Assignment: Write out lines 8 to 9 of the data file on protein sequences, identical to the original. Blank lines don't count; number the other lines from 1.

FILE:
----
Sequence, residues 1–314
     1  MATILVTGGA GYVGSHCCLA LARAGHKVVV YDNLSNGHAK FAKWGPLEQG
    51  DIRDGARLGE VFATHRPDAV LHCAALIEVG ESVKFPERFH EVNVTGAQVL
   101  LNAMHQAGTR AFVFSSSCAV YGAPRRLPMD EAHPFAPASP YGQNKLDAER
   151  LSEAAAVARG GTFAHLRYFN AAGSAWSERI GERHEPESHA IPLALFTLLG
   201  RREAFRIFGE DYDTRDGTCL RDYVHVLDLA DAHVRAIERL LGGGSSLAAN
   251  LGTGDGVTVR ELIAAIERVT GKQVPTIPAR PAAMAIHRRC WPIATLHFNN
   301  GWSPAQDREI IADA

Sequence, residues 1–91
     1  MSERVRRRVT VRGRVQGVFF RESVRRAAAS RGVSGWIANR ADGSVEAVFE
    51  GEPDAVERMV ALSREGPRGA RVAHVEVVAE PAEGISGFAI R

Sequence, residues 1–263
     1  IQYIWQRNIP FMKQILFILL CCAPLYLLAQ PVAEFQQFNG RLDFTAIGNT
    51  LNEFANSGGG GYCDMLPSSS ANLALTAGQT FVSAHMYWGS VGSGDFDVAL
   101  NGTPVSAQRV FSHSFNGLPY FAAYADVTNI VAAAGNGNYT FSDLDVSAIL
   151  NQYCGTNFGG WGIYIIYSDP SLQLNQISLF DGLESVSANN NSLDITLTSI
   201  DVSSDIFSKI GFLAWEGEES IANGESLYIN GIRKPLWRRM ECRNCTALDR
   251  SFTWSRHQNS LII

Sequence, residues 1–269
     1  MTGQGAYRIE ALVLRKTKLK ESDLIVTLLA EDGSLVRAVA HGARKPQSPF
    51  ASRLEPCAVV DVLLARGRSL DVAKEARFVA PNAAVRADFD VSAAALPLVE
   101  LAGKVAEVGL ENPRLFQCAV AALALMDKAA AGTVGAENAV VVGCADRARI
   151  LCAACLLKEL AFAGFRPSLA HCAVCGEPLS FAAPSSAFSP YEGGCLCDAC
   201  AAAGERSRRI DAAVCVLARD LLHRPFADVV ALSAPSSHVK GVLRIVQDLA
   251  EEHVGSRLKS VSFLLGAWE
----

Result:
   301  GWSPAQDREI IADA

Sequence, residues 1–91